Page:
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Comprehensive Description

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Clitocybe virens (Scop,) Sacc. Syll. i^ung. 5: 152. 1887
Agaricus virens Scop. Fl. Carn. ed. 2. 2: 437 1772
Agaricus odorus Bull. Herb. Fr. pi. 176. 1783
Agaricus viridis Huds. Fl. Angl. ed. 2. 614. 1778.
Agaricus (Clitocybe) anisarius Peck, Ann. Rep. N. Y. State Mus. 32: 26. 1880 Pileus fleshy, tough, convex, becoming plane or nearly so, obtuse or subumbonate, scattered or subgregarious, 4-7 cm. broad; surface glabrous, moist iu wet weather, green or dingygreen, fading with age or on drying, margin even, regular or sometimes wavy: context whitish, the odor pleasant like anise; lamellae thin, crowded, adnate or slightly decurrent, white or becoming pallid: spores 6-8 X 4-5 ju: stipe equal or slightly thickened at the base, stuffed or hollow, elastic, glabrous, whitish or greenish, 2.5-5 cm. long, 4-8 mm. thick.
Type locai^ity: Carrtiola. Habitat: Woods and bushy places.
Distribution: Hastem United States from Maine to North Carolina and west to Michigan; also in Europe.
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bibliographic citation
William Alphonso MurrilI, Gertrude Simmons BurIingham, Leigh H Pennington, John Hendly Barnhart. 1907-1916. (AGARICALES); POLYPORACEAE-AGARICACEAE. North American flora. vol 9. New York Botanical Garden, New York, NY
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Clitocybe odora

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Clitocybe odora, also known as the aniseed toadstool, is a blue-green mushroom that grows near deciduous and coniferous trees. They can be found growing in small groups along the side of tree roots. This mushroom is edible, but a few expert mushroom hunters insist that young specimens should be avoided as can be confused with Stropharia aeruginosa. The anise odor is due to the presence of p-anisaldehyde and a small amount of benzaldehyde.[2] This odor can give away the mushroom's presence before it is observed by eye.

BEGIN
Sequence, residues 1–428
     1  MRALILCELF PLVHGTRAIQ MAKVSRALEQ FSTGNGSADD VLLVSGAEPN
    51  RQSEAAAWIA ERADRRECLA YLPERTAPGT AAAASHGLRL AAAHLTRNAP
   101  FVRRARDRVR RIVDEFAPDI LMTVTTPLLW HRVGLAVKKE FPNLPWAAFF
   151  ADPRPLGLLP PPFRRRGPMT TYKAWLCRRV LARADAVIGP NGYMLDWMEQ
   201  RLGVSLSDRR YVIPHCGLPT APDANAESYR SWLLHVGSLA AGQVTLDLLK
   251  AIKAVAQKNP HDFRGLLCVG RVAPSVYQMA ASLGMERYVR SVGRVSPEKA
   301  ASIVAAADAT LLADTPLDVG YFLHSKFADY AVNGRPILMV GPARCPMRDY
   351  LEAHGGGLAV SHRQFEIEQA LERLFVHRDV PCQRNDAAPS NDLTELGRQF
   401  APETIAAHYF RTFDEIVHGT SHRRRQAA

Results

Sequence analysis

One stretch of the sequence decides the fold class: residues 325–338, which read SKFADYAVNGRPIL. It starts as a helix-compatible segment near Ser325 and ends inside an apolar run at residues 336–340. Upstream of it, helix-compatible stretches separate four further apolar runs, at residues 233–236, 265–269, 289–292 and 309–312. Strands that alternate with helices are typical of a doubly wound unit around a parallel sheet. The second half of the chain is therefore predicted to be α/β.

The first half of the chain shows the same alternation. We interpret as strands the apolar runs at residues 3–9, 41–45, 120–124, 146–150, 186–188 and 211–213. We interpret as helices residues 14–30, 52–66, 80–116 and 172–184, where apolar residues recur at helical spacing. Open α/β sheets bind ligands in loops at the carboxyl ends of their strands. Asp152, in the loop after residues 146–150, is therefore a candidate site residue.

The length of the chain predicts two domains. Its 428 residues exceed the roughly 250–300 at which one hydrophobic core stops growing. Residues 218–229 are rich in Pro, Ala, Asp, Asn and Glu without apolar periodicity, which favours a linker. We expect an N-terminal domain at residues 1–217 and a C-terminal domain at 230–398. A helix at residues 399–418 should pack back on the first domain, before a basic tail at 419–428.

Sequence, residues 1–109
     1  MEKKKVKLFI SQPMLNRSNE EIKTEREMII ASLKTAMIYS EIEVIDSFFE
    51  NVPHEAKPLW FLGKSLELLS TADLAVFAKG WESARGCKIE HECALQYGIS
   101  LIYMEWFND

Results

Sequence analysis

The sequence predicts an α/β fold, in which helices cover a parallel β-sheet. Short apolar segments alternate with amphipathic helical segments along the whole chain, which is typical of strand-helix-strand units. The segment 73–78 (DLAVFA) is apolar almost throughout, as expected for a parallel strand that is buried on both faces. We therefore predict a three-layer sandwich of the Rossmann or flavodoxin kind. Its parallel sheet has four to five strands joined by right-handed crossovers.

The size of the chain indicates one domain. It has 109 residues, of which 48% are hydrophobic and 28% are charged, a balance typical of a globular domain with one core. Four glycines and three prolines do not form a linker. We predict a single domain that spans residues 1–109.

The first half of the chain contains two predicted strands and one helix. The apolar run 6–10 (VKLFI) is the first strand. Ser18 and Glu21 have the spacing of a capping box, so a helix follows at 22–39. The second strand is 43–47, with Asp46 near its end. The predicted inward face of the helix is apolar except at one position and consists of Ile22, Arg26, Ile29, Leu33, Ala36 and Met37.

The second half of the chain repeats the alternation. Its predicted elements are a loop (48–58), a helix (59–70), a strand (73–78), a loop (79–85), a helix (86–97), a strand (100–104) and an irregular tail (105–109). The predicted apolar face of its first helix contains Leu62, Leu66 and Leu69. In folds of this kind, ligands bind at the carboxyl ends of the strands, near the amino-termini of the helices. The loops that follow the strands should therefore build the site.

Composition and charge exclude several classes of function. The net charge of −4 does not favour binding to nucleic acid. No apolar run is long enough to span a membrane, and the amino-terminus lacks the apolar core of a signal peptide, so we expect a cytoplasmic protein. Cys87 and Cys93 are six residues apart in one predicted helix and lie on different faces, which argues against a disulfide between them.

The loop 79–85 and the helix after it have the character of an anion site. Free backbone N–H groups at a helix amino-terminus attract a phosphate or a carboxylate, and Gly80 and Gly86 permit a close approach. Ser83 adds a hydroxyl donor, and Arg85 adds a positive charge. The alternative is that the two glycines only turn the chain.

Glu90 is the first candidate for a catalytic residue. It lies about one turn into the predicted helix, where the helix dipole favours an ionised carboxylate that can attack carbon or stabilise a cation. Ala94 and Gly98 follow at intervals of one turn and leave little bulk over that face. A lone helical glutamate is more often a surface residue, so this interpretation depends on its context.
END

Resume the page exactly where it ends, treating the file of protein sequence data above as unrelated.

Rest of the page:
Taxonomy

First described by the French mycologist Jean Baptiste Francois Pierre Bulliard (1742–1793). The specific epithet odora is from the Latin meaning "perfumed".[3]

Description

Young specimens have a light blue texture on the cap which fades to grey in age. The gills and stem are white with no ring.

Full grown specimens have blue-green, flowery, cup-shaped caps; the gills are creamy white, or reflect the blue-green color of the cap. The cap's surface feels rough. The stem is thick, is attached to the gills with no rings, and is textured, with a pale-yellow colour. The younger ones have a bell-shaped cap with a light blue or icy blue colour. The gills and stem are white, or bluish green. It has a strong scent and taste of aniseed, hence its name.

There is a white variety (Clitocybe odora var.alba Lange) that has the same strong odour.

Distribution and habitat

Found in both deciduous, and coniferous woods, it is widespread in the temperate zones, occurring in Asia, Europe, and North America. On the East Coast of North America it favours oak woodland, but it is often abundant in the coniferous forests of the Pacific Northwest.[4]

Edibility

The caps can be dried, and used as a condiment, or used fresh for flavouring.[5] Mushroom hunters should be sure to pick mature ones, mainly because the younger ones can be confused with several similar poisonous ones that grow along with this mushroom. Every part of the mushroom should be examined before collecting for the table. Also, the stem and the cut cap should be checked to see if there are any fly larvae. Some guides recommend avoiding eating the species.[6]

References

  1. ^ Index Fungorum
  2. ^ Sylvie Rapior; Sophie Breheret; Thierry Talou; Yves Pélissier & Jean-Marie Bessière (2002). "The anise-like odor of Clitocybe odora, Lentinellus cochleatus and Agaricus essettei". Mycologia. 94 (3): 373–376. doi:10.1080/15572536.2003.11833201. PMID 21156507. S2CID 46170831.
  3. ^ Giovanni Pacioni (1993). The Macdonald Encyclopedia of Mushrooms and Toadstools (English version). Little, Brown & Company Ltd. ISBN 0-316-90625-5.
  4. ^ David Arora (1986). Mushrooms Demystified. Ten Speed Press. ISBN 0-89815-169-4.
  5. ^ Mabey, Richard (1975). Food For Free, a guide to the edible wild plants of Britain. Fontana / Collins.
  6. ^ Phillips, Roger (2010). Mushrooms and Other Fungi of North America. Buffalo, NY: Firefly Books. p. 61. ISBN 978-1-55407-651-2.

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Clitocybe odora: Brief Summary

provided by wikipedia EN

Clitocybe odora, also known as the aniseed toadstool, is a blue-green mushroom that grows near deciduous and coniferous trees. They can be found growing in small groups along the side of tree roots. This mushroom is edible, but a few expert mushroom hunters insist that young specimens should be avoided as can be confused with Stropharia aeruginosa. The anise odor is due to the presence of p-anisaldehyde and a small amount of benzaldehyde. This odor can give away the mushroom's presence before it is observed by eye.

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